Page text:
Harvest Moon Salad
1 bunch curly green or Tuscan kale (or a combination of the two)
6-8 oz leftover roast chicken or turkey, shredded or diced
3 ounces ricotta salata, cut into thin shards
½ small red onion, shaved very thinly
1 apple (your favorite local variety)
½ cup Lemon Drop Vinaigrette (recipe below)
½ cup savory sage croutons
Strip kale of coarse central ribs and chop very finely. In a large mixing bowl toss kale with most of the onions and half the dressing. Core and cut the apple into thin slices and add to salad, reserving a few slices for garnish. Add chicken and croutons to the salad and toss to combine. Top with remaining dressing and garnish with apples.
Lemon Drop Vinaigrette
½ cup drippings reserved from a roast chicken or turkey
2 tablespoons unskimmed fat from a roast chicken or turkey
½ cup lemon juice
Zest from 1 lemon
3 tablespoons Dijon mustard (grainy or creamy or a mixture of both)
1/3 cup, plus or minus, extra virgin olive oil
Salt and pepper, to taste
Warm reserved drippings and fat in a small sauce pan; when all the fats and solids liquefy, transfer to a large mixing bowl. Add lemon juice, zest, and mustard. Whisk vigorously and drizzle in olive oil, whisking constantly to emulsify. Add salt and pepper, to taste.
Savory Sage Croutons
4 pieces stale bread, cut into 1/2-inch cubes
3 tablespoons extra virgin olive oil
1 tablespoon dried sage
Salt and pepper
Preheat oven to 350 degrees. Toss bread cubes with oil to coat and toast in oven for about ten minutes, until lightly brown, crunchy and fragrant. Let cool just slightly and transfer to a mixing bowl. Season generously with ample dried sage, salt, and pepper.
All Kale Caesar!
“2012 was the year of the raw kale salad—everyone was doing one, many of them pretty awesome,” Wade says. “But I honestly think our All Kale Caesar! is the best I’ve had (and I’ve tried a lot!). So we elevated it from a special, which it was for most of last year, to a mainstay on the menu (also because our customers would have mutinied if we hadn’t). People are fiercely addicted to it, and kale is a super food, packed with vitamin C and other antioxidants.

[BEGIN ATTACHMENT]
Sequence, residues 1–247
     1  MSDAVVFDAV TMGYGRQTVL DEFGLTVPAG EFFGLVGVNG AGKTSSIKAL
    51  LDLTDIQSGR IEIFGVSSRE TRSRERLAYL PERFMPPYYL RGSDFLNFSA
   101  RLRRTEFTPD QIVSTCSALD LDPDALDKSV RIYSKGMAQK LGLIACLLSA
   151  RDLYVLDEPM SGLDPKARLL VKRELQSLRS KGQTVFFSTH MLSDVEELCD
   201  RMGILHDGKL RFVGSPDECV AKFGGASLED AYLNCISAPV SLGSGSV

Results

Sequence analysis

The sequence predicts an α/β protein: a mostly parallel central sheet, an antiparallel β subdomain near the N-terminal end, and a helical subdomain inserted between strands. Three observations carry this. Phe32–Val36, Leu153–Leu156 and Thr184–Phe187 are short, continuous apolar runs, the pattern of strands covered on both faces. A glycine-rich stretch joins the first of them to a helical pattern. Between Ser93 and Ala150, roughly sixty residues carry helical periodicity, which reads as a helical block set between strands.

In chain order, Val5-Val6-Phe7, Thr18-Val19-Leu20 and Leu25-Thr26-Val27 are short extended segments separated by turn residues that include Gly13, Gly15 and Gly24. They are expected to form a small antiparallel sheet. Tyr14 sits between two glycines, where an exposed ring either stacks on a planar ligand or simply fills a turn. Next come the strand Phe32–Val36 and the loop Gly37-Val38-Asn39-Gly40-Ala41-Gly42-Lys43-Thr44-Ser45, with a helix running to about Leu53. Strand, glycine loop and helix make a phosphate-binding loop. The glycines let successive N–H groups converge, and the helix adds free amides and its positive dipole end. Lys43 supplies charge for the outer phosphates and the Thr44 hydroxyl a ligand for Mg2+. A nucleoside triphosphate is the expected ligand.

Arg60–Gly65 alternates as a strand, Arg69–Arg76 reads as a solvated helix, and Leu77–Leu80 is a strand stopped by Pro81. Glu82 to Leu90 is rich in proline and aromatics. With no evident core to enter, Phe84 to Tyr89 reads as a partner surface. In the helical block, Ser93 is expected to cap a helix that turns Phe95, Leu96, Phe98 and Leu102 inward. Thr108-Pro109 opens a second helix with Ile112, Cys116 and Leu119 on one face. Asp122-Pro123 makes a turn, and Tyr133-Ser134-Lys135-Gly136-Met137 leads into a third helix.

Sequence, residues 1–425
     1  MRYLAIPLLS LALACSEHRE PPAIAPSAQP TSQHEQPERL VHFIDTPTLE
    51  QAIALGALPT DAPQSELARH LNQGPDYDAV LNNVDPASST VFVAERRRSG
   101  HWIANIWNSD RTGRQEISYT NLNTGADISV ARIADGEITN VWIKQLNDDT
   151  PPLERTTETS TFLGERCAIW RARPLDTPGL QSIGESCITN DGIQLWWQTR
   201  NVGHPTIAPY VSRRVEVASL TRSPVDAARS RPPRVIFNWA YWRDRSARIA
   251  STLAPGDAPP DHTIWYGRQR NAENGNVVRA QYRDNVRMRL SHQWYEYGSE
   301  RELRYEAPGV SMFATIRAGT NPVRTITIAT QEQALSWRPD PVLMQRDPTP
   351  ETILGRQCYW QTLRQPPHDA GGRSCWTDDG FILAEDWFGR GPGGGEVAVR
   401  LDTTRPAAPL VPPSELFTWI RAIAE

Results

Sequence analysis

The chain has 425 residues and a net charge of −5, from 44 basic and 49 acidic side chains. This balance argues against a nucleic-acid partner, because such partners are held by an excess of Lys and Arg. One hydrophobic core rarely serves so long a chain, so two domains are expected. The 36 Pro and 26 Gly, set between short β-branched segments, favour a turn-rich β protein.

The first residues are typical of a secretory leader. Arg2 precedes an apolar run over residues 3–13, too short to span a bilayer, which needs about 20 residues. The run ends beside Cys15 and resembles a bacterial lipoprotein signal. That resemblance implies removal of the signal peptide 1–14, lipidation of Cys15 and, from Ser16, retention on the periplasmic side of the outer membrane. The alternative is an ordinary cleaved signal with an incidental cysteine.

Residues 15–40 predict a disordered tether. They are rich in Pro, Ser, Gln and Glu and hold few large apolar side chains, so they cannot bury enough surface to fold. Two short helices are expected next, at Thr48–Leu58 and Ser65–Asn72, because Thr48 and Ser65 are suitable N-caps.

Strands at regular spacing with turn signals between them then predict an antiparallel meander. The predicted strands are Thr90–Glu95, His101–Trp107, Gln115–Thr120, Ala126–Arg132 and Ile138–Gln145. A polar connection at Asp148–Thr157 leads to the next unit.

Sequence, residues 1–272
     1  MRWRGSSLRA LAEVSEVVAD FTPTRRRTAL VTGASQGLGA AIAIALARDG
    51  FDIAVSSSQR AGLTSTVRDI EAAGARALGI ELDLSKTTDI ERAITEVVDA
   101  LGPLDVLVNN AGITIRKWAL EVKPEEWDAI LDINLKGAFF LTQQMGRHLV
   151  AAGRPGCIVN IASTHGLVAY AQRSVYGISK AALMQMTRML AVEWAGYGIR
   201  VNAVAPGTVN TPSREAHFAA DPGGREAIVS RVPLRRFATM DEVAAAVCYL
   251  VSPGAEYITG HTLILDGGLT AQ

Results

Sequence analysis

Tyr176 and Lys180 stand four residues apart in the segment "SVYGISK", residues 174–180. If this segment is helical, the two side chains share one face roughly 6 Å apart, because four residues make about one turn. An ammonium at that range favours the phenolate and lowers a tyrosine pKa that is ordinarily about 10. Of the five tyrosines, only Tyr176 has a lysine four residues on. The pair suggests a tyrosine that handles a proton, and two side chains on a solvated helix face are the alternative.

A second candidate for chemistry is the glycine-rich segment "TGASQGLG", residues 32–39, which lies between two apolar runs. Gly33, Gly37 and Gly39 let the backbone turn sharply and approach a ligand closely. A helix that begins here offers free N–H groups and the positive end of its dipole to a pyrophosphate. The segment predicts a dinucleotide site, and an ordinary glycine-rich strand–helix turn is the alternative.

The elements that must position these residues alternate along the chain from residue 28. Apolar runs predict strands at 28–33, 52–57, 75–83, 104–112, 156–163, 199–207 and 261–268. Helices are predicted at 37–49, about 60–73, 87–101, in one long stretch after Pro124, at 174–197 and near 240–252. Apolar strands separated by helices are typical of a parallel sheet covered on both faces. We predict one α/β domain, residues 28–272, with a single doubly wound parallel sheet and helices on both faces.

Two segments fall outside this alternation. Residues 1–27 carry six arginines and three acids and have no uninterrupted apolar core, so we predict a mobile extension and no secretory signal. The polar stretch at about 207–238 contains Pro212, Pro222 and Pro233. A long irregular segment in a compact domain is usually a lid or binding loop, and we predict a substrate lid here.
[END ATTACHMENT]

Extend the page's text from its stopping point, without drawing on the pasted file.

Because Kale is such a tough, cruciferous green, you need an unusually strong vinaigrette to soften and sort of cook it. In our case, the zingy lemon-anchovy vinaigrette is a much punchier dressing than our classic Caesar. Add sweet-savory Marcona almonds for crunch, grated Parmesan Reggiano and some more briny chopped anchovies, toss it all together with finely chopped kale and you have a healthy and ridiculously delicious salad. I swear my skin starts growing moments after eating this!
1 bunch fresh kale
1/2 cup Marcona almonds, roughly chopped
Anchovies, as many as you like, roughly chopped
Finely chop the leafy part of green curly kale (strip each leaf off the main stem) or if you prefer the darker green, and even more nutritious Tuscan kale. Because kale is on the tougher side, it is important that you chop the leaves fairly fine, more like a coleslaw, in order to expose a lot of surface area where the dressing can absorb and soften.
Add chopped Marcona almonds and a generous handful of grated parmesan--you can actually use a lot of parmesan as the strong dressing sort of melts it. Toss with some more rough chopped anchovies, depending on how much you love their briny punch (I love them—plus they are very high in vitamin D) and you are ready to go!
Unlike most salads that need to be served immediately after tossing lest they start to wilt, this salad actually improves for a while after as the dressing works its magic!
Zingy Lemon Anchovy Vinaigrette
Juice of 2.5 lemons (or 3)
12 anchovy fillets packed in oil and a little of the oil
2 tablespoons champagne or white vinegar
1 tablespoon Dijon mustard (we use creamy rather than whole grain for this salad)
About 1/2 cup olive oil (start with less and add more if needed)
1 tablespoon water
1 small shallot (or half a big one)
Salt and pepper to taste
Put all ingredients but the shallot in a blender and emulsify. then either chop the shallot and mix it in or put the whole thing in the blender and pulse to chop it roughly (you don’t' want it to get overblended so you put it in last)